On May 21, 1977, Anthony “Doc” Shiels took photographs of what he claimed was the Loch Ness Monster while camping near Urquhart Castle. Shiels, who was a magician and psychic, asserted that he summoned the creature out of the water and that the long neck shown in the photo is actually the squid’s “trunk,” with a white spot at the base of the neck being its eye. He called it an “elephant squid.” However, due to the lack of ripples, some people have declared it a hoax, and it has earned its name due to its staged appearance.

Holmes video (2007)

On May 26, 2007, laboratory technician Gordon Holmes recorded a video of what he believed to be a “jet black thing” that was around 14 meters (46 ft) long and moving quickly in the water. Adrian Shine, a marine biologist at the Loch Ness 2000 Centre in Drumnadrochit, described the footage as some of the best he had ever seen. The video was broadcast by BBC Scotland on May 29, 2007. STV News North Tonight also aired the footage on May 28, 2007, and interviewed Holmes. Shine was also interviewed and suggested that the creature in the footage could be an otter, seal, or water bird.

Sonar image (2011)

On August 24, 2011, Loch Ness boat captain Marcus Atkinson took a sonar image of an unidentified object that measured 1.5 meters wide (4.9 ft). The object appeared to follow his boat for two minutes at a depth of 23 m (75 ft), and it was determined that it was not a small fish or seal. In April 2012, a scientist from the National Oceanography Centre stated that the image was a bloom of algae and zooplankton.

George Edwards photograph (2011)

On August 3, 2012, skipper George Edwards claimed that he took a photo of “Nessie” on November 2, 2011. Edwards claims to have searched for the monster for 26 years and spent 60 hours per week on the loch aboard his boat, Nessie Hunter IV, taking tourists for rides on the lake. Edwards said that it probably looks like a manatee but not a mammal. He added that when people see three humps, they’re probably just seeing three separate monsters.

Other researchers have questioned the photograph’s authenticity, and Loch Ness researcher Steve Feltham suggested that the object in the water is a fiberglass hump used in a National Geographic Channel documentary in which Edwards had participated. Researcher Dick Raynor has questioned Edwards’ claim of discovering a deeper bottom of Loch Ness, which Raynor calls “Edwards Deep”. He found inconsistencies between Edwards’ claims for the location and conditions of the photograph and the actual location and weather conditions that day. According to Raynor, Edwards told him he had faked a photograph in 1986 that he claimed was genuine in the Nat Geo documentary. Although Edwards admitted in October 2013 that his 2011 photograph was a hoax, he insisted that the 1986 photograph was genuine.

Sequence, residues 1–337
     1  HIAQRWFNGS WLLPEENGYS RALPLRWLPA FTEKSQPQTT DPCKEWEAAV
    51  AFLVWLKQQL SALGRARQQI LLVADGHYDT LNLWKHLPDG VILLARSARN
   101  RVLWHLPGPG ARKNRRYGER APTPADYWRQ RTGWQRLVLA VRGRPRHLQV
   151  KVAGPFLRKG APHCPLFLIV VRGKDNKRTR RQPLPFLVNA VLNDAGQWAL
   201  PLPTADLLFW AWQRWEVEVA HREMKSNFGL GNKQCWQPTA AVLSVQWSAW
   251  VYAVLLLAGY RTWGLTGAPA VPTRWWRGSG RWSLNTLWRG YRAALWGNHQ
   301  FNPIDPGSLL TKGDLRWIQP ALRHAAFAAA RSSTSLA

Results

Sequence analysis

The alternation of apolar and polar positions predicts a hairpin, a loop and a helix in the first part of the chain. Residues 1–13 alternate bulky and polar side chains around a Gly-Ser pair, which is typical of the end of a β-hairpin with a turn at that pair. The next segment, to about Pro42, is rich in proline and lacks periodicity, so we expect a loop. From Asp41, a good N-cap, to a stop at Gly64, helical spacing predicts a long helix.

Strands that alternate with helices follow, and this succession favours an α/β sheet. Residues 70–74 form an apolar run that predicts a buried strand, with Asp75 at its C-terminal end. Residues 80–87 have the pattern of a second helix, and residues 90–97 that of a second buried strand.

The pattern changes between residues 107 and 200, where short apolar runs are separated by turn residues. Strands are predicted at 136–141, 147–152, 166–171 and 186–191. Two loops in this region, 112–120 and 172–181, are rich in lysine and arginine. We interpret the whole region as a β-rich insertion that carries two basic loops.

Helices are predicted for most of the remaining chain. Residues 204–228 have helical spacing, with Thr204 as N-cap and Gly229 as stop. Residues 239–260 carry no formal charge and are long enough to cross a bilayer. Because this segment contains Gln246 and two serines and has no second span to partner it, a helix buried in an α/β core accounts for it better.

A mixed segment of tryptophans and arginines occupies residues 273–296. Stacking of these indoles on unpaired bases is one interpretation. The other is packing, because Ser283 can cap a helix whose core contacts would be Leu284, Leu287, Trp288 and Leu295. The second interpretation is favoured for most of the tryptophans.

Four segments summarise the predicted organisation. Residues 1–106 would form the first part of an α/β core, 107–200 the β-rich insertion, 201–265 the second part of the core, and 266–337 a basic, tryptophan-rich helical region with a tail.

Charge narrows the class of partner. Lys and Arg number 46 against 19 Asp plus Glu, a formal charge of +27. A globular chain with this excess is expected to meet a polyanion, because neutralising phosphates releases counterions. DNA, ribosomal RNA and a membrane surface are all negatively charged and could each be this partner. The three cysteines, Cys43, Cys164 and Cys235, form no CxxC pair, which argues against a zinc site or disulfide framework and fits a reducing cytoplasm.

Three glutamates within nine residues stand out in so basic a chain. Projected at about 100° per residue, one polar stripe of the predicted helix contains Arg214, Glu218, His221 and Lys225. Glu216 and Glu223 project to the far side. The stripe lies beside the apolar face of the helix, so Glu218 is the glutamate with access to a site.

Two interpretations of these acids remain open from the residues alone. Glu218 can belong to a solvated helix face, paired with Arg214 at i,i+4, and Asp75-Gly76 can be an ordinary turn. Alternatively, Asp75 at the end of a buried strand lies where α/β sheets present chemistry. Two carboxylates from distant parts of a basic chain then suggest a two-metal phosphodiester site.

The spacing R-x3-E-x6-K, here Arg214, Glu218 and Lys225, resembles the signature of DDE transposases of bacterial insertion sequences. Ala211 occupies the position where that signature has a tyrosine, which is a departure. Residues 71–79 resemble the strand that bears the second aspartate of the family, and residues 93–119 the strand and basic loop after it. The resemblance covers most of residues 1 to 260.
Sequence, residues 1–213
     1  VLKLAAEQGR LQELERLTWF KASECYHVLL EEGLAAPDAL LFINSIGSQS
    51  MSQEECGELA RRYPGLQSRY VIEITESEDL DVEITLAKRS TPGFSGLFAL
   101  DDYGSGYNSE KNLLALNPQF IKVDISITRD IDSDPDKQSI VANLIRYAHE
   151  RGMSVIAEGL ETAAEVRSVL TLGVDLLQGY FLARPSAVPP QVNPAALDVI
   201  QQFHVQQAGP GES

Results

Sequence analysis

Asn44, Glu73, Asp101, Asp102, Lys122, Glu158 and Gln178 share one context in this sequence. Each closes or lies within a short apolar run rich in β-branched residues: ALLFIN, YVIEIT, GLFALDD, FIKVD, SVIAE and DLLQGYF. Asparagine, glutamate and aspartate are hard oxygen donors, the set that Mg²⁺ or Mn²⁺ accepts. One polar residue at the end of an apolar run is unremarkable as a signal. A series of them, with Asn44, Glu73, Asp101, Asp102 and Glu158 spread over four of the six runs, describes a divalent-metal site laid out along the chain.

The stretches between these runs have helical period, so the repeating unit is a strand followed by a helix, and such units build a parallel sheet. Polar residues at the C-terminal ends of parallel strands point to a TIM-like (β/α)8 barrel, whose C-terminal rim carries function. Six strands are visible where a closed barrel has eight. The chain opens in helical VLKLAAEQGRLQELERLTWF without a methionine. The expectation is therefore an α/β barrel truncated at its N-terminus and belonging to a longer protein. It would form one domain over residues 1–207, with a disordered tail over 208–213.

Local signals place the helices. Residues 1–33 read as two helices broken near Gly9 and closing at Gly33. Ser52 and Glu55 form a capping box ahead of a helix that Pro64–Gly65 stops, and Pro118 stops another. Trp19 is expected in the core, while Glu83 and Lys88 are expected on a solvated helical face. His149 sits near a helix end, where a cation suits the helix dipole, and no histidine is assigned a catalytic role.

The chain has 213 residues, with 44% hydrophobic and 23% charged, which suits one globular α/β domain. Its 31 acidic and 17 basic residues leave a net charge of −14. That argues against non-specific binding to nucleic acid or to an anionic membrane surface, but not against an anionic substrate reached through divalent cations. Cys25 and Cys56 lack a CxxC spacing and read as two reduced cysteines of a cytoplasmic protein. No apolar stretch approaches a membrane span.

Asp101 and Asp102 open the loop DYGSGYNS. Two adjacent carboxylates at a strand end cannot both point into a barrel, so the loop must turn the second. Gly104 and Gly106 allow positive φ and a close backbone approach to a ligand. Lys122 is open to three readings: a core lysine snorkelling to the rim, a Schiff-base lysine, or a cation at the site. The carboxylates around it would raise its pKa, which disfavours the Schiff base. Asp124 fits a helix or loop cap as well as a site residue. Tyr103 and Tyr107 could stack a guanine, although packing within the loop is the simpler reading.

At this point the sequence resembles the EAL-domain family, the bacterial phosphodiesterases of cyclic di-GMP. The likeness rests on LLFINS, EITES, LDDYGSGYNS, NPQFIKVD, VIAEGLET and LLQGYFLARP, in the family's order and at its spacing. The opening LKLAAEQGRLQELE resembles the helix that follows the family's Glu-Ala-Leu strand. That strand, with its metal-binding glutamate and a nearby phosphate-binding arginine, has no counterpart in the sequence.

A survey of the literature about other hoaxes, including photographs published by The Scientific American on July 10, 2013, indicates many others since the 1930s. The most recent photo considered to be “good” appeared in newspapers in August 2012, allegedly taken by George Edwards in November 2011, but was “definitely a hoax,” according to the science journal.

David Elder video (2013)

On August 27, 2013, tourist David Elder filmed a five-minute video of a wave that he found mysterious in the loch. Elder saw a 4.5m (15ft) solid black object just below the surface of the water that caused the wave. Elder, 50, from East Kilbride, South Lanarkshire, was taking a picture of a swan at the Fort Augustus pier on the southwestern end of the loch when he captured the movement. He said, “The water was very still at the time, and there were no ripples coming off the wave and no other activity on the water.” Skeptics suggested the wave may have been caused by a gust of wind.

Scientific Theories

Many researchers believe there may actually be several of these creatures living in the Loch Ness lake. The most common theory is that the animals are holdovers from the days of the dinosaurs – surviving plesiosaurs that became trapped in the Loch’s murky waters when the water formation was first formed. This very plausible explanation, combined with photographs, films, and sonar recordings, give this strange anomaly much credibility.

Notes about the Hugh Gray Photo

The first photo of Nessie, taken by Hugh Gray in 1933, is generally regarded as authentic. It shows the body of a large animal with a long neck extending out of the water, swimming in the Loch.  Gray was walking along the loch after church when he spotted a substantial commotion in the water.  Gray says that suddenly, a large creature rose up from the lake.  He had a camera on his person and quickly snapped the historic photo below.  The image is blurred, suggesting that the creature was moving or splashing about as Gray had described.

The Colonel Robert Wilson (the “Surgeon”) hoax photo

The original Loch Ness Monster photo - "Surgeon's photograph" of 1934.